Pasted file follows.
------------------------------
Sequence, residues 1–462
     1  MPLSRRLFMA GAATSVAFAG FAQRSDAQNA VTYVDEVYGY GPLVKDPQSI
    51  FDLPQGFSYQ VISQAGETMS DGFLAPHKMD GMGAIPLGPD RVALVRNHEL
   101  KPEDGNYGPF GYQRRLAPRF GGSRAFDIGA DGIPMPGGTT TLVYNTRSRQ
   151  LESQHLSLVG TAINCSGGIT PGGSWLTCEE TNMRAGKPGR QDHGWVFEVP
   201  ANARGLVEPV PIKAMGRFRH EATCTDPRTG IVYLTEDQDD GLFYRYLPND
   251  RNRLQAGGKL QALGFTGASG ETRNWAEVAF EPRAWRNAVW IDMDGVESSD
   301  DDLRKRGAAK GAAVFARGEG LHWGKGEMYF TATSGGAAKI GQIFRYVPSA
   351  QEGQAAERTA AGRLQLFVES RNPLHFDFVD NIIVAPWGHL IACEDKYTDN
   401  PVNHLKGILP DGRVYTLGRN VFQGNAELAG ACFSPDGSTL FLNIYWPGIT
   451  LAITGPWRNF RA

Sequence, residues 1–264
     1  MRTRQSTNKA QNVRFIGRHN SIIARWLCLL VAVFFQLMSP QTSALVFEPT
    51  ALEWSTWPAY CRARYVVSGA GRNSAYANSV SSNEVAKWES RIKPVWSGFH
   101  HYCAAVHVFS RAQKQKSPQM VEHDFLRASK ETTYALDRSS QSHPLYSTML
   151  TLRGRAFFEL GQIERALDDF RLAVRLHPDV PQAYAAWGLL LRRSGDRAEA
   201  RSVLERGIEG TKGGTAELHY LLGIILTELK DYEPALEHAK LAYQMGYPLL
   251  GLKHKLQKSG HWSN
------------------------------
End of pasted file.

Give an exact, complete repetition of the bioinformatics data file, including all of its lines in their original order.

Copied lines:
Sequence, residues 1–462
     1  MPLSRRLFMA GAATSVAFAG FAQRSDAQNA VTYVDEVYGY GPLVKDPQSI
    51  FDLPQGFSYQ VISQAGETMS DGFLAPHKMD GMGAIPLGPD RVALVRNHEL
   101  KPEDGNYGPF GYQRRLAPRF GGSRAFDIGA DGIPMPGGTT TLVYNTRSRQ
   151  LESQHLSLVG TAINCSGGIT PGGSWLTCEE TNMRAGKPGR QDHGWVFEVP
   201  ANARGLVEPV PIKAMGRFRH EATCTDPRTG IVYLTEDQDD GLFYRYLPND
   251  RNRLQAGGKL QALGFTGASG ETRNWAEVAF EPRAWRNAVW IDMDGVESSD
   301  DDLRKRGAAK GAAVFARGEG LHWGKGEMYF TATSGGAAKI GQIFRYVPSA
   351  QEGQAAERTA AGRLQLFVES RNPLHFDFVD NIIVAPWGHL IACEDKYTDN
   401  PVNHLKGILP DGRVYTLGRN VFQGNAELAG ACFSPDGSTL FLNIYWPGIT
   451  LAITGPWRNF RA

Sequence, residues 1–264
     1  MRTRQSTNKA QNVRFIGRHN SIIARWLCLL VAVFFQLMSP QTSALVFEPT
    51  ALEWSTWPAY CRARYVVSGA GRNSAYANSV SSNEVAKWES RIKPVWSGFH
   101  HYCAAVHVFS RAQKQKSPQM VEHDFLRASK ETTYALDRSS QSHPLYSTML
   151  TLRGRAFFEL GQIERALDDF RLAVRLHPDV PQAYAAWGLL LRRSGDRAEA
   201  RSVLERGIEG TKGGTAELHY LLGIILTELK DYEPALEHAK LAYQMGYPLL
   251  GLKHKLQKSG HWSN